A POIGNANT and moving night of remembrance marked the 100th anniversary of the outbreak of the First World War at St George’s Hall.

The 68th Bradford (Yorkshire) Festival of Remembrance included performances by a host of groups including the City of Bradford Brass Band.

Around 600 people, including the Lord Mayor of Bradford, Councillor Mike Gibbons, attended the event hosted by Eccleshill-born Emmerdale actor Duncan Preston last night.

Former Bradford Grammar School pupil Mr Preston, said: “I feel honoured to do it and privileged to be asked.

“It’s a special time of year. The services that take place are quite remarkable.

“I have relatives myself who fought. It’s a moving event, especially with the flags.”

Mezzo-Soprano Claire McKay also took to the stage, while a parade of standards was led by parade marshal Dave West.

Poppy petals for the fallen descended during a one minute silence and the playing of the Last Post.

A community singing section of the concert included well-known wartime songs such as We’ll Meet Again, Land of Hope and Glory and The White Cliffs of Dover.

The choir of St John’s Primary School performed three songs including Lean On Me and Love Can Build a Bridge.

Prayers for peace and to remember the fallen also featured in the concert.

Bingley-based Paper Zoo Theatre’s Julia and Damien O’Keeffe also staged a First World War concert party featuring songs and poems from the Great War, including a recruitment song for the Bradford Pals.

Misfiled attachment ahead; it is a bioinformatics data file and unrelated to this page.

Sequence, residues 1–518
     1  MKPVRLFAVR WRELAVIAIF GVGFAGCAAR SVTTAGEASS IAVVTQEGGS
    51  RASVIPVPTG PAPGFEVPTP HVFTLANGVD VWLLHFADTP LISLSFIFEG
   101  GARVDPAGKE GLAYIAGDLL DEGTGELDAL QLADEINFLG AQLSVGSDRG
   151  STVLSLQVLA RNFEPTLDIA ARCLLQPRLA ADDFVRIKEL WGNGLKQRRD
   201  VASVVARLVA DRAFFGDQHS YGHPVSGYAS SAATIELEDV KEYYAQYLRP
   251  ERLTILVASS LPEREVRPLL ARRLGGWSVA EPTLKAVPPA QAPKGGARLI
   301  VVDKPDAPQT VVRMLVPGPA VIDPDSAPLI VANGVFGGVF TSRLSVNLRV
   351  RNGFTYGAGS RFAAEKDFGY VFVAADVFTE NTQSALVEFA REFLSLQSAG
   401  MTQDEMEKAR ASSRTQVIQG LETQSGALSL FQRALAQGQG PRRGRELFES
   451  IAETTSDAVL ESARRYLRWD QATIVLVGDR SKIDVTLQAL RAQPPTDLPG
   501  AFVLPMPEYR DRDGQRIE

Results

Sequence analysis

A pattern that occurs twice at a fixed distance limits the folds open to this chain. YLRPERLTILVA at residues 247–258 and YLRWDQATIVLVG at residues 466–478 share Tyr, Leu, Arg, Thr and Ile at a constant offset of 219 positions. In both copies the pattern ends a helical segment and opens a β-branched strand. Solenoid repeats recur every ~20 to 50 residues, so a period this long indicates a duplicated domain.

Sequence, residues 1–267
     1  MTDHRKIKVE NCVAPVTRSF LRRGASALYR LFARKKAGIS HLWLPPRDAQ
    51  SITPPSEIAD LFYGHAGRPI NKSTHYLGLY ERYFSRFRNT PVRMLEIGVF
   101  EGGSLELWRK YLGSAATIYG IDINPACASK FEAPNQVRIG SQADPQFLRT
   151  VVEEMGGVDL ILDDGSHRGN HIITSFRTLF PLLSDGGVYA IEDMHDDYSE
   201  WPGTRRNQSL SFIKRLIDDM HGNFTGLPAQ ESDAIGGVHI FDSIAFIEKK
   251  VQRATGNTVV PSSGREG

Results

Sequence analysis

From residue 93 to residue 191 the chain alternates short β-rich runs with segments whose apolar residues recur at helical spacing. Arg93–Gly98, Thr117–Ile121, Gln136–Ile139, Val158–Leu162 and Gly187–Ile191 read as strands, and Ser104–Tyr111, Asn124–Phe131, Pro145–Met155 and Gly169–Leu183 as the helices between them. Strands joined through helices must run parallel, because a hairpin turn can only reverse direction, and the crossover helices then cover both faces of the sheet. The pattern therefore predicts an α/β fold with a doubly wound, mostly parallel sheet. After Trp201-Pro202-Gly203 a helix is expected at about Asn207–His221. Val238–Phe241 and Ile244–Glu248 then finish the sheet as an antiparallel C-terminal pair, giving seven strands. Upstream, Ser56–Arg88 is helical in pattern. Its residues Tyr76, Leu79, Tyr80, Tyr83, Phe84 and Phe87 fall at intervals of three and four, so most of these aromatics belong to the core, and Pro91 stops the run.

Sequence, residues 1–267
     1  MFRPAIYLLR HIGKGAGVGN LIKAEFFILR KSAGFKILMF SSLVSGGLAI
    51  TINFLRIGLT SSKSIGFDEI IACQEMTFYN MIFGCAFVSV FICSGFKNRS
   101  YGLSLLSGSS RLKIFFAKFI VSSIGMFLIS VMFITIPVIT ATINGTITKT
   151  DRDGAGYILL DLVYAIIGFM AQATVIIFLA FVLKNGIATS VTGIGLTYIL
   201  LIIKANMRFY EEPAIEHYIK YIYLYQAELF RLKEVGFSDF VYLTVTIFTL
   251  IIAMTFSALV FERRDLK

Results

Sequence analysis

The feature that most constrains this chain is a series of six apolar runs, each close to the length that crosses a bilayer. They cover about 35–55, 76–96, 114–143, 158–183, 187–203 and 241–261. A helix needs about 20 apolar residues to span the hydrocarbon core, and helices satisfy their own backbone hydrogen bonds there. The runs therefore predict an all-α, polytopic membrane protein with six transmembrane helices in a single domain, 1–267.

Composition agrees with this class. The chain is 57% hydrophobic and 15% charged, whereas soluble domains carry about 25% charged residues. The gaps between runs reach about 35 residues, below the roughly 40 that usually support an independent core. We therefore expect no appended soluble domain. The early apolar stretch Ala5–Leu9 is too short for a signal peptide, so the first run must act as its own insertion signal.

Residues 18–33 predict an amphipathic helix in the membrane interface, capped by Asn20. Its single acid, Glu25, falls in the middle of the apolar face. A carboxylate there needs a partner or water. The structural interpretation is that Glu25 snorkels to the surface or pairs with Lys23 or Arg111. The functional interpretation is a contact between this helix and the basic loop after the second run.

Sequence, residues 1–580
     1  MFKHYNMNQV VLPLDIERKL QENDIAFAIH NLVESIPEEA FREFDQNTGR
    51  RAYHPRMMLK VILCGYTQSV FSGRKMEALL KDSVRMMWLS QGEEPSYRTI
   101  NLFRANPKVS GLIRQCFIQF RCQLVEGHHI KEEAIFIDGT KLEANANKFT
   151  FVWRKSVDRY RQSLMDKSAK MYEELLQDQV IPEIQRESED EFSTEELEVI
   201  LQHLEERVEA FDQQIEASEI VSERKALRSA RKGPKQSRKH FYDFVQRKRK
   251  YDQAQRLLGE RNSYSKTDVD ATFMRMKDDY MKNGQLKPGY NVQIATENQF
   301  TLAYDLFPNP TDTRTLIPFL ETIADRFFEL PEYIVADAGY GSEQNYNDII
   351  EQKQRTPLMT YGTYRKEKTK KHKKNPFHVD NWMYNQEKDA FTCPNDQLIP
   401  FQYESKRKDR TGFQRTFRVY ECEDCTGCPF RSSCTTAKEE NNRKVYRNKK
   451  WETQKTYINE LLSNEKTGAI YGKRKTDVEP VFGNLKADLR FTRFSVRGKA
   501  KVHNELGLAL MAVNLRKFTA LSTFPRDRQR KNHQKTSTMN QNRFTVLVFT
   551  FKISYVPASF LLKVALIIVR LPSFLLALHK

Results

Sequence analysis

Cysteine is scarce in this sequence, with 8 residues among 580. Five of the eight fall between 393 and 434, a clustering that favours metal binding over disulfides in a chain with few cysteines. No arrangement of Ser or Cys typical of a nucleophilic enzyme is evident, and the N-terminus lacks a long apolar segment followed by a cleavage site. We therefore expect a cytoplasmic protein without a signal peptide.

This year’s Festival of Remembrance also featured Deputy-Lieutenant, Major Stan Hardy and was led by Canon Ralph Crowe and Father Kieron Walker.

Ten pupils, aged between six and 21, from Keighley-based Sara Packham Theatre School performed a medley of songs, dance and poetry in their 15-minute stint.

Sara said: “It’s very nice to be asked. For some of our performers it is the first time that they have done anything like this.

“We have kept our performance in keeping with the show.”

The ceremonial sunset was performed by Bradford Sea Cadets before the concert concluded with John Broadhead, the son of a Bradford Pal, giving the Kohima Epitaph and the playing of the national anthem.